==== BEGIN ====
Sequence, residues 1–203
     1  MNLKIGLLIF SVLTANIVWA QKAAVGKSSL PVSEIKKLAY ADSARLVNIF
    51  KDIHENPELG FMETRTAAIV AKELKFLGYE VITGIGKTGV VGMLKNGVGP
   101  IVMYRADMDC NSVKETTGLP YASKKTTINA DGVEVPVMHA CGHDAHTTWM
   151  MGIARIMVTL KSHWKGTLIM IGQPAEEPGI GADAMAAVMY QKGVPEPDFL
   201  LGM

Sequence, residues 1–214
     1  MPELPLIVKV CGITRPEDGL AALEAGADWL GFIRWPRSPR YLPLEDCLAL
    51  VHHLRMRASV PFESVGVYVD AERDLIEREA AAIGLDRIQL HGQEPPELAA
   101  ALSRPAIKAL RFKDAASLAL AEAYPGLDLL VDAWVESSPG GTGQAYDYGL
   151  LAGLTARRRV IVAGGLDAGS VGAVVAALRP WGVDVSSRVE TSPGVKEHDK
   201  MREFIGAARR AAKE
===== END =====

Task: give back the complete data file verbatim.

Sequence, residues 1–203
     1  MNLKIGLLIF SVLTANIVWA QKAAVGKSSL PVSEIKKLAY ADSARLVNIF
    51  KDIHENPELG FMETRTAAIV AKELKFLGYE VITGIGKTGV VGMLKNGVGP
   101  IVMYRADMDC NSVKETTGLP YASKKTTINA DGVEVPVMHA CGHDAHTTWM
   151  MGIARIMVTL KSHWKGTLIM IGQPAEEPGI GADAMAAVMY QKGVPEPDFL
   201  LGM

Sequence, residues 1–214
     1  MPELPLIVKV CGITRPEDGL AALEAGADWL GFIRWPRSPR YLPLEDCLAL
    51  VHHLRMRASV PFESVGVYVD AERDLIEREA AAIGLDRIQL HGQEPPELAA
   101  ALSRPAIKAL RFKDAASLAL AEAYPGLDLL VDAWVESSPG GTGQAYDYGL
   151  LAGLTARRRV IVAGGLDAGS VGAVVAALRP WGVDVSSRVE TSPGVKEHDK
   201  MREFIGAARR AAKE